Don't Read the News

Following my recent criticism of a Stat article, you may be wondering, who can we trust?

I have written several harsh criticisms in the past, railing against Substack and Lambda School (2). Let me be clear: in none of these cases do I mean to imply that I prefer the alternative. I am merely attempting to correct simple factual errors and reduce the status of what I perceive to be over-hyped institutions in my particular corner of the internet.

So sure, Substack has its problems, but I am not telling you to run off and use Wordpress! [1] Lambda School’s CEO has lied, but that does not mean you should attend a competing bootcamp, or get a 4-year CS degree. [2]

Analogously, there was a bad Stat article, but I am certainly not recommending that you go off and read CNN or Huffpost or whatever. The only reason I don’t critique those other sources is because I already know they’re unreliable, and I assume you do as well. [3]

And yet, presumably, you would like to “stay informed”. So what’s the solution?

One option is to rigorously fact check everything you read, but that’s cumbersome and still bottoms out somewhere. I found errors in the Stat article, but then took reports from the CDC at face value. More importantly, you just don’t have the time.

Instead, I propose a much simpler solution: don’t read the news.

Could it be that simple? Surely there are serious repercussions for being so dangerously and completely uninformed?

Here are some of the headlines on the front page of the New York Times:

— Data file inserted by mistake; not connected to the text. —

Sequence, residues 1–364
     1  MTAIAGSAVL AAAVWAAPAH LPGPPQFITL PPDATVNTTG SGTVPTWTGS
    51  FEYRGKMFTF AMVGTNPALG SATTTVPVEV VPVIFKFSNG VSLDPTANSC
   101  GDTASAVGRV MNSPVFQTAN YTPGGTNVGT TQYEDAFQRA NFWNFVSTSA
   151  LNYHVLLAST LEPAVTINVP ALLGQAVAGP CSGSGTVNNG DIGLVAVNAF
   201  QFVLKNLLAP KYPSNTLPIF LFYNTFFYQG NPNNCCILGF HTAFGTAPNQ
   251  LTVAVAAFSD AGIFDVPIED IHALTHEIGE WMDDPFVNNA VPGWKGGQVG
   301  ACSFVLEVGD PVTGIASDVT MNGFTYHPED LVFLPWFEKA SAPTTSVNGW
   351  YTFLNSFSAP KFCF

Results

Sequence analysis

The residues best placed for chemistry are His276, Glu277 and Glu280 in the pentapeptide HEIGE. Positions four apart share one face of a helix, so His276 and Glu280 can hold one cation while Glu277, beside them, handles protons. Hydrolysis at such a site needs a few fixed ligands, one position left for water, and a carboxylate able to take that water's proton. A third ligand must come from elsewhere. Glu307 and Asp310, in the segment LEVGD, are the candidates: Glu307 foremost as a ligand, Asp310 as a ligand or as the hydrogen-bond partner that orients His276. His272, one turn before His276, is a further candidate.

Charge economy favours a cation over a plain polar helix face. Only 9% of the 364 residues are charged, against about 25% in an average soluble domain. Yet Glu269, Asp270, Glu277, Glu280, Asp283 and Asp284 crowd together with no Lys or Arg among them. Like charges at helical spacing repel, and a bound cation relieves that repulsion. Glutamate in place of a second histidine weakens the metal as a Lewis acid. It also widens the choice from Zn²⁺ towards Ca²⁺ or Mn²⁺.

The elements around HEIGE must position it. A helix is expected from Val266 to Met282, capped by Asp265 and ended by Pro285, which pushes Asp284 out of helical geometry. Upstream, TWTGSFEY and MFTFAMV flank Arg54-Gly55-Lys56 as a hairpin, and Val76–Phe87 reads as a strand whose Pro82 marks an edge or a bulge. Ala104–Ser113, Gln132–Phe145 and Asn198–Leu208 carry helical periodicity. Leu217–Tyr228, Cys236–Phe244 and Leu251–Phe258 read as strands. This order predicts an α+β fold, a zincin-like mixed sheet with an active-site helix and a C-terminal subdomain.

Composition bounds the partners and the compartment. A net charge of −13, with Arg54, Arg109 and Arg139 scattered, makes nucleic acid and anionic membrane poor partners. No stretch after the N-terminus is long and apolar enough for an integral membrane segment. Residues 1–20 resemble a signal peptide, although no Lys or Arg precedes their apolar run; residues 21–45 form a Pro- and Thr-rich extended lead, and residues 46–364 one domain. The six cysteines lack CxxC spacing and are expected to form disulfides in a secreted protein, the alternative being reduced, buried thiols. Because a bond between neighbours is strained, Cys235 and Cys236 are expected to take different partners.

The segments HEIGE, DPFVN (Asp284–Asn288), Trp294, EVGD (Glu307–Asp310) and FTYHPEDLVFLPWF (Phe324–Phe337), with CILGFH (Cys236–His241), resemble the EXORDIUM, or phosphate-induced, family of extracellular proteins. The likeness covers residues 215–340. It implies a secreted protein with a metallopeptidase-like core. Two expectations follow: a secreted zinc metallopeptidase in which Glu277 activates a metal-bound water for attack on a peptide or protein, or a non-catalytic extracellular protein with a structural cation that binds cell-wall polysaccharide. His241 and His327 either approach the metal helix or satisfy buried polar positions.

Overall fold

• See the complete list of insults President Trump posted on Twitter from 2015 to 2021.
  • Bryan Cranston tells Kara Swisher why he won’t play Donald Trump.
  • Biden’s Stimulus Plan Will Bring Relief, but There’s One Flaw
  • Joe Did It. But How?
  • Democrats Are About to Control Congress. What Will They Do?
  • Man Lived Undetected at O’Hare Airport for 3 Months, Officials Say
  • Improve Your Life With These Tiny Chores

I compiled those on January 18th when I wrote a first draft of this post. On the 25th as I prepare to publish, it’s not much better:

  • Are We Ready for a Monday Without Trump?
  • I Want to Call the Capitol Rioters ‘Terrorists.’ Here’s Why We Shouldn’t.
  • Something Special Just Happened in Russia
  • Ninja, a Gaming Superstar, Has a Message for Parents
  • Rupert Murdoch, Accepting Award, Condemns ‘Awful Woke Orthodoxy’

Wow! how can you not click those? How did Joe do it? What’s the one flaw of his stimulus plan? What are these tiny chores I can use to improve my life? Why won’t Bryan Cranston play Trump?

This is not news. It’s clickbait, and it’s bad for you. I don’t mean to pick on the NYT. It’s among the best of the popular outlets, and it is still horrible.

Here’s Aaron Swartz writing in 2006:

None of these stories have relevance to my life. Reading them may be enjoyable, but it’s an enjoyable waste of time. They will have no impact on my actions one way or another.

…With the time people waste reading a newspaper every day, they could have read an entire book about most subjects covered and thereby learned about it with far more detail and far more impact than the daily doses they get dribbled out by the paper. But people, of course, wouldn’t read a book about most subjects covered in the paper, because most of them are simply irrelevant.